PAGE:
Campaign Strategy and Tactics is Gangster

Amani United campaign planning charts

Milwaukee       The leadership and organizer training with Amani United in Milwaukee had gone very well for two days.  The general theme of these three days was identifying issues and how these issues can be distinguished and then be transformed into winning campaigns that build power for the organization.  We had made great progress in the second day and had gotten to the point in the dialectic process of the training between me and the leadership where we were examining the definitions and differences between tactics and strategy.

We were using a specific issue that the leaders had mentioned in the afternoon session as an example.  In order to flesh out this topic, the leaders had chosen a proposal by the Milwaukee city bus service to eliminate the #80 bus line.  Conversation was energetic and engaged.  Feelings were unanimous and deep that this was deadly to the neighborhood.  Stories abounded of the extra half-mile or more that residents would have to walk to be able to catch a bus to work, downtown, or grocery stores from Amani if the 80 was taken out of service.

We looked at the potential targets.  We diagrammed additional pressure points that we could potentially leverage to join with Amani United in order to impact the targets or that we would need to neutralize.  Then we got to the point of discussing tactics and strategy for the potential campaign.  We agreed that any tactic repeated too often lost its effectiveness.  We agreed that tactics needed to have proportionality and be appropriate to the target.  We agreed that strategy and tactical selection had to be adaptive enough to gauge the actions the organization took against the reaction of the targets and response of the public, and constantly evolve.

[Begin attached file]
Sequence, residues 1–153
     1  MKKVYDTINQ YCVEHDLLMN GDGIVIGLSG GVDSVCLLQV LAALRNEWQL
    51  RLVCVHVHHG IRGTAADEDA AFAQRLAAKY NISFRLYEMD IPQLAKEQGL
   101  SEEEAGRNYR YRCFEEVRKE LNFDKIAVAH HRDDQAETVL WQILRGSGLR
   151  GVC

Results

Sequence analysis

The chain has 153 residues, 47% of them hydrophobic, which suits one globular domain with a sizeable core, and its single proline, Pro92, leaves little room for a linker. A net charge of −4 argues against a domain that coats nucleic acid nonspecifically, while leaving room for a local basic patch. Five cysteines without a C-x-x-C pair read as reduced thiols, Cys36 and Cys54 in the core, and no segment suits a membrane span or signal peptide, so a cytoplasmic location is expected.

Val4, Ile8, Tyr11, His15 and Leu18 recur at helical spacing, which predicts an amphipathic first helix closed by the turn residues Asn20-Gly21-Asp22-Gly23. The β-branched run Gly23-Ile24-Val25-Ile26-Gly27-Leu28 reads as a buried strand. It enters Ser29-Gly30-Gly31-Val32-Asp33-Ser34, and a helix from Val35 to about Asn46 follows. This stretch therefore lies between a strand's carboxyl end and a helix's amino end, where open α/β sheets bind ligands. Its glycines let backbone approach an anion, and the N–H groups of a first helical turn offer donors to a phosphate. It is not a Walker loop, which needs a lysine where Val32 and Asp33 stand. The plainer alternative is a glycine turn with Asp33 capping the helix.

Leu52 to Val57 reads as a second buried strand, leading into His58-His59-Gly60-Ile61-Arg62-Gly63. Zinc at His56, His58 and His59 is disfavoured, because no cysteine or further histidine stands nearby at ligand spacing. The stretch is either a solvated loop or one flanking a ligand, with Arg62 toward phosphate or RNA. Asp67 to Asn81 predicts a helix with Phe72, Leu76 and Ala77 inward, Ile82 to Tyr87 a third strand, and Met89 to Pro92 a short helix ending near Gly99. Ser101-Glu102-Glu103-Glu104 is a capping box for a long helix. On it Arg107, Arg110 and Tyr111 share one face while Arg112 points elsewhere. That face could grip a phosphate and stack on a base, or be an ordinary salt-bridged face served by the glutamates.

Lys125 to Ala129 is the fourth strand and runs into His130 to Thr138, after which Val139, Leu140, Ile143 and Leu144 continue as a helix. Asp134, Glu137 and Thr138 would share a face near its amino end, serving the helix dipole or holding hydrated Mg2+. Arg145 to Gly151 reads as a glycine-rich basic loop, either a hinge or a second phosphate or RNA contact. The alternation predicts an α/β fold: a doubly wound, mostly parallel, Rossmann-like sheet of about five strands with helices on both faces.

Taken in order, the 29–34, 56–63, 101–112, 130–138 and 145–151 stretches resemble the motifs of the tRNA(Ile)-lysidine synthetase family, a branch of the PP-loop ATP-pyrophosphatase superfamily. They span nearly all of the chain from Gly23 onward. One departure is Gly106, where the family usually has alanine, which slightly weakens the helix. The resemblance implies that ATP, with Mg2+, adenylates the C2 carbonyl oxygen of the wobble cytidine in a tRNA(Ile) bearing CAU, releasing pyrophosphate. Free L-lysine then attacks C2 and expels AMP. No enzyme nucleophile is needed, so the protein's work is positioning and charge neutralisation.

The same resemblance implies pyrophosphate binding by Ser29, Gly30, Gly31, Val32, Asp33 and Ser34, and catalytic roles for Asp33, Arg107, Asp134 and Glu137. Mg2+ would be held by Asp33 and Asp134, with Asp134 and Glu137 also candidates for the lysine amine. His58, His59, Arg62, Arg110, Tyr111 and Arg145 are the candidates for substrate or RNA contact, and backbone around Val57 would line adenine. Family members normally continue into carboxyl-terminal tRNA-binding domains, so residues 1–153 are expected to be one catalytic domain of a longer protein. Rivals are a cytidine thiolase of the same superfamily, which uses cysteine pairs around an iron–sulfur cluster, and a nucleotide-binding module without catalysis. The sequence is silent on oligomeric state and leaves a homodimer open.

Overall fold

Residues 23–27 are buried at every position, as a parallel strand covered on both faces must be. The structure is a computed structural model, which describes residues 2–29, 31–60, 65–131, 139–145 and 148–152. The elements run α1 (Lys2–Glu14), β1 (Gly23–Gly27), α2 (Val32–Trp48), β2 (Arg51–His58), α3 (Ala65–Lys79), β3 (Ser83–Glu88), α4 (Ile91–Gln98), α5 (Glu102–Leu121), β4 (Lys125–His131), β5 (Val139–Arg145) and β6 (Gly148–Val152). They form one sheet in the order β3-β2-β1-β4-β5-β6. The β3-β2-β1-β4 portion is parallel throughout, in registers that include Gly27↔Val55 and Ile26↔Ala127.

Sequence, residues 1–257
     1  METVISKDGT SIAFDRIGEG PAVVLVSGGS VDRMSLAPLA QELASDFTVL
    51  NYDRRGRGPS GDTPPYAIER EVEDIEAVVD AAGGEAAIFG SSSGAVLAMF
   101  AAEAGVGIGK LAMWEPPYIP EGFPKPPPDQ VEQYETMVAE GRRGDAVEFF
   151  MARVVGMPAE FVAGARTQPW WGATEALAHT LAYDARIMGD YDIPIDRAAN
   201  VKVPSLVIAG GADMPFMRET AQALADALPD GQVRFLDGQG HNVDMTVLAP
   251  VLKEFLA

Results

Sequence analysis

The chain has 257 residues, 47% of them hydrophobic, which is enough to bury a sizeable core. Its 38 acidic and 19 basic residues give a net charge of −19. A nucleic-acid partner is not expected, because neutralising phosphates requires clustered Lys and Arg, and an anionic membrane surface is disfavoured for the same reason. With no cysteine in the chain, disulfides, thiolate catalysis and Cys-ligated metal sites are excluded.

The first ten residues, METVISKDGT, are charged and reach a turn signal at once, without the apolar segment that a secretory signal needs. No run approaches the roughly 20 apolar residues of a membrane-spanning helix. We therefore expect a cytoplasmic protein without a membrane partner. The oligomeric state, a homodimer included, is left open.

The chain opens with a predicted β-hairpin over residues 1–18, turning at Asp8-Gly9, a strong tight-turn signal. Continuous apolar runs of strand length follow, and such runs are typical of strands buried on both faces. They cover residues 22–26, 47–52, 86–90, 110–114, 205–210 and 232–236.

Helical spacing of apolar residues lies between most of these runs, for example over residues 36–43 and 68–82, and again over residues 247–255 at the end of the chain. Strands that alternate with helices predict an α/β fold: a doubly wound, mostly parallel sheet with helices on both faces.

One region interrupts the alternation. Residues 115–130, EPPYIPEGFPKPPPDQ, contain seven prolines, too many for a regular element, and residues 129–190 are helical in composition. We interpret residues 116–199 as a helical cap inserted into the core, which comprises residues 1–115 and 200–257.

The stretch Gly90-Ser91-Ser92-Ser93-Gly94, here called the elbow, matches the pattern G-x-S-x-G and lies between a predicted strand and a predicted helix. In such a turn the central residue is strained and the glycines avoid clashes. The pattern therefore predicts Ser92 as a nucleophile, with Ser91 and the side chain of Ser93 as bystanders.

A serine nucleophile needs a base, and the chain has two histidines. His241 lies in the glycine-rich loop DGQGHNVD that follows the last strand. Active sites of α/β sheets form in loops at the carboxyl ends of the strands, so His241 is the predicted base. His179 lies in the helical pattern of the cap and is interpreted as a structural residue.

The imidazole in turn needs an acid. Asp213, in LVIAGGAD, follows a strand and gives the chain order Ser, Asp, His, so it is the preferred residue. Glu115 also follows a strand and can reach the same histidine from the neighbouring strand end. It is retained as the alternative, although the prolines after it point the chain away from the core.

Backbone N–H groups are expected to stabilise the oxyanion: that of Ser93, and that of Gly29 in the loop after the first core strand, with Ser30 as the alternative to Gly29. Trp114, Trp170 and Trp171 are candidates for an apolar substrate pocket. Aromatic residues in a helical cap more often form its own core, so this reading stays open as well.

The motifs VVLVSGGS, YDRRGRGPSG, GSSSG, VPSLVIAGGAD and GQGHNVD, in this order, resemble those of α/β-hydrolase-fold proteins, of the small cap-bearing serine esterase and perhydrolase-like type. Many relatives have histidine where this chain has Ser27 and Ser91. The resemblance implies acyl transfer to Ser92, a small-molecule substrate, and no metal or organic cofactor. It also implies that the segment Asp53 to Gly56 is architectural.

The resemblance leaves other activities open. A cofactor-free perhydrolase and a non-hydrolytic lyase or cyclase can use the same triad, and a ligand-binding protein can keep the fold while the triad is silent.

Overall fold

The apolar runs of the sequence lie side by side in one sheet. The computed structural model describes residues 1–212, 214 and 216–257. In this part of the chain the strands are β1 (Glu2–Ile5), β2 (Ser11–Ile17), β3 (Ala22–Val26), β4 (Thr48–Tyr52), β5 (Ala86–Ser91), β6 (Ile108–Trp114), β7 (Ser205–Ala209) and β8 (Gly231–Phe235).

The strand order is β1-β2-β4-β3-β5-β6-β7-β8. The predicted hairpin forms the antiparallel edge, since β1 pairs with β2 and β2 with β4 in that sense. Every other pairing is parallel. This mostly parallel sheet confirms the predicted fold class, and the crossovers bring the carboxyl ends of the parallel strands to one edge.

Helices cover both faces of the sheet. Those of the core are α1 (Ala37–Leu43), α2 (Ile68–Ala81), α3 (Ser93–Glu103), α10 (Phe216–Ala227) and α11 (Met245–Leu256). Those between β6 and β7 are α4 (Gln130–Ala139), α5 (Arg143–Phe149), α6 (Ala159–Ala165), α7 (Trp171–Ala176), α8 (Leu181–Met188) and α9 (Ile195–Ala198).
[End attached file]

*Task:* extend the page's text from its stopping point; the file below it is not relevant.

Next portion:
Earlier I had made my usual pro forma apology for the militaristic nature of some of the discussion and the terminology.  I made my usual joke that the alternative was often to use more sports metaphors, but goodness knows that would be inappropriate as well.  The organization’s president, Rice Bey, then blurted out that he “got” all of this now that we were talking about tactics and strategy, jumping up and saying, “this is all gangster!”  Without exactly saying so, a light seemed to go off for many of the other leaders in the room.

The old metaphors were gone.  The metaphors with real meaning, the ones that worked in looking at strategy and tactics were embedded “in the streets,” as several said.  We had suddenly jumped from the room of the religious social services center where we were meeting into lived experience of many of the leaders.  These weren’t episodes of “The Wire.”  We were part of the thrust and jab, cat-and-mouse of moving product with a hundred different strategies and tactics to win against the police and make a living.

Building the organization, finding issues, launching winning campaigns, and, in fact, winning and losing made sense suddenly within all of the leaders’ experiences.  As one leader then said, “Hey, Wade, I get it:  this is for real isn’t it?”

Yes, brothers and sisters, this is totally for real.  Winning matters and losing hurts.  Organizing is the difference.